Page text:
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on 7 September 2010
This book is a serious, academic study. Deeply researched and extremely thorough, it is not an 'easy read'. Footnotes abound and there are acronyms and initials everywhere; thankfully indexed at the back. This book requires that the reader either has very secure knowledge surrounding the Third Reich, or is prepared to stop regularly to read around the subject elsewhere in order to get 'up to speed' with the content. Entertainment it is not. Instead it is packed with detail, sublimely argued and will leave most readers with a changed and informed vision regarding Hitler. Reading this book may well adjust how you view present day politicians and the media too.
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on 29 April 2005
This fascinating study gives a whole new slant to what happened in Germany between 1933 and 1945. The Germans, angry and hurt after the defeat of the Great War, bothered by unemployment, dissatisfied with party politics, fearful of Bolshevism and seeking a strong leader who would be above politics and who would restore Germany's rightful greatness, found him in the apparently unlikely person of an embittered, Jew- and Communist-hating, Austrian ex-corporal incapable of normal human warmth. The creation of the mythical Hitler to fulfil expectations, often standing the facts of Hitler's actual person on their head, was a masterpiece of Goebbels's propaganda (Goebbels personally regarded the creation of the Fuehrer Myth as his greatest achievement). As a result, Hitler's personal popularity was almost universal, even among sections of the population who detested Nazism itself. He was given the benefit of the doubt every time. "If only the Fuehrer knew," people would say, after the latest bout of Nazi excesses.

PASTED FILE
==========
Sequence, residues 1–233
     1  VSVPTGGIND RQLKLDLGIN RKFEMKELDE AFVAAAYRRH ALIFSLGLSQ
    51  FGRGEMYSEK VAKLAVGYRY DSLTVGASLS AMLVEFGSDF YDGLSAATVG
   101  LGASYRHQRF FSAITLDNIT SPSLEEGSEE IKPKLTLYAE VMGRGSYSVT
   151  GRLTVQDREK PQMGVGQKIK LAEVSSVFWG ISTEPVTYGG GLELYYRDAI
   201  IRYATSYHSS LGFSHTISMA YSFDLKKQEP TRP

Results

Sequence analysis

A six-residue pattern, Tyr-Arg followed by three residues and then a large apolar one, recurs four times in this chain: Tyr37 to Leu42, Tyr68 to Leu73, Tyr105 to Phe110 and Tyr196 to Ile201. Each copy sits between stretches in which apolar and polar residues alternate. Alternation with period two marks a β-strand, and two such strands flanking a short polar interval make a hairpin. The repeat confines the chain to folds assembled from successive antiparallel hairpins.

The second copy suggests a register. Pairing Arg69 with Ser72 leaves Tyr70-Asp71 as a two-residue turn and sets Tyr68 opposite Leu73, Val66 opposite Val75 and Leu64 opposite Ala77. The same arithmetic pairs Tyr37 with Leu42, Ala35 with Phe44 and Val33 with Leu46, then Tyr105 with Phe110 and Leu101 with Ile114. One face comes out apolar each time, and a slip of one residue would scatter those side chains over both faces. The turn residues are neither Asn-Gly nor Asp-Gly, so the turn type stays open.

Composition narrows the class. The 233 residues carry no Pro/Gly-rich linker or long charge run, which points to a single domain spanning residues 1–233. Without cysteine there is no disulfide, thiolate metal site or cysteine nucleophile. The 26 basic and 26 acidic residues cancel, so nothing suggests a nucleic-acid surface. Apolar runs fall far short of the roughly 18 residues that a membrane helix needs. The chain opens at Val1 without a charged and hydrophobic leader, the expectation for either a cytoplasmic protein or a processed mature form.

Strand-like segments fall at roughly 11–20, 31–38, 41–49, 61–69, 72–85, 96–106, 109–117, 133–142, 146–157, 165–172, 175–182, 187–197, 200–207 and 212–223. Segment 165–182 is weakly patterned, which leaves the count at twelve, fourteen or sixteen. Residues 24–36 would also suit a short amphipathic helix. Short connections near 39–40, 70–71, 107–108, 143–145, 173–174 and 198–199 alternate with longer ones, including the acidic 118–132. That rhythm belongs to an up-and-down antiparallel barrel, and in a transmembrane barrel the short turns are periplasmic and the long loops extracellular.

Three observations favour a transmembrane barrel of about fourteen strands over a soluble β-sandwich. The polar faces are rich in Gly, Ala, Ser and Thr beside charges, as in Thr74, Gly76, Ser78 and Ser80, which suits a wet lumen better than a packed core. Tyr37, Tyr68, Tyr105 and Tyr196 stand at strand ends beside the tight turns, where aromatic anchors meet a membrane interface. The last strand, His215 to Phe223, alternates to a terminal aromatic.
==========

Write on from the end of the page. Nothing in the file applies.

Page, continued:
However, the Hitler Myth carried within it the seeds of its own destruction. For one thing, Hitler came to believe it himself, and as a result became ever more divorced from ever more uncomfortable reality. Moreover, its prolongation required a continual stream of triumphs and successes, and when they faltered in the early 1940s (beginning with the Stalingrad catastrophe), so did it. However, it maintained a considerable hold right to the very end, even in the face of impending disaster. Professor Kershaw teases out the details of a complex story in a scholarly yet highly readable and informative way, and ends with an excellent concluding review chapter. The book was written in 1987, before the fall of the Wall, the subsequent reunification of Germany and the upsurge of extremist right-wing sentiment as a result of high unemployment, poor economic performance and dissatisfaction with the current government - now, where have we heard this before? It would be hard to improve on Professor Kershaw's masterly final paragraph as a commentary on modern-day affairs - and not only those of Germany:
"Old myths are however replaced by new as the combination of modern technology and advanced marketing techniques produce ever more elaborate and sophisticated examples of political image building around minority personality cults, even in western democracies, aimed at obfuscating reality among the ignorant and gullible. The price for abdicating democratic responsibilities and placing uncritical trust in the 'firm leadership' of seemingly well-intentioned political authority was paid dearly by Germans between 1933 and 1945. Even if a collapse into new forms of fascism is inherently unlikely in any western democracy, the massive extension of the power of the modern State over its citizens is in itself more than sufficient cause to develop the highest level possible of educated cynicism and critical awareness as the only protection against the marketed images of present-day and future claimants to political 'leadership'".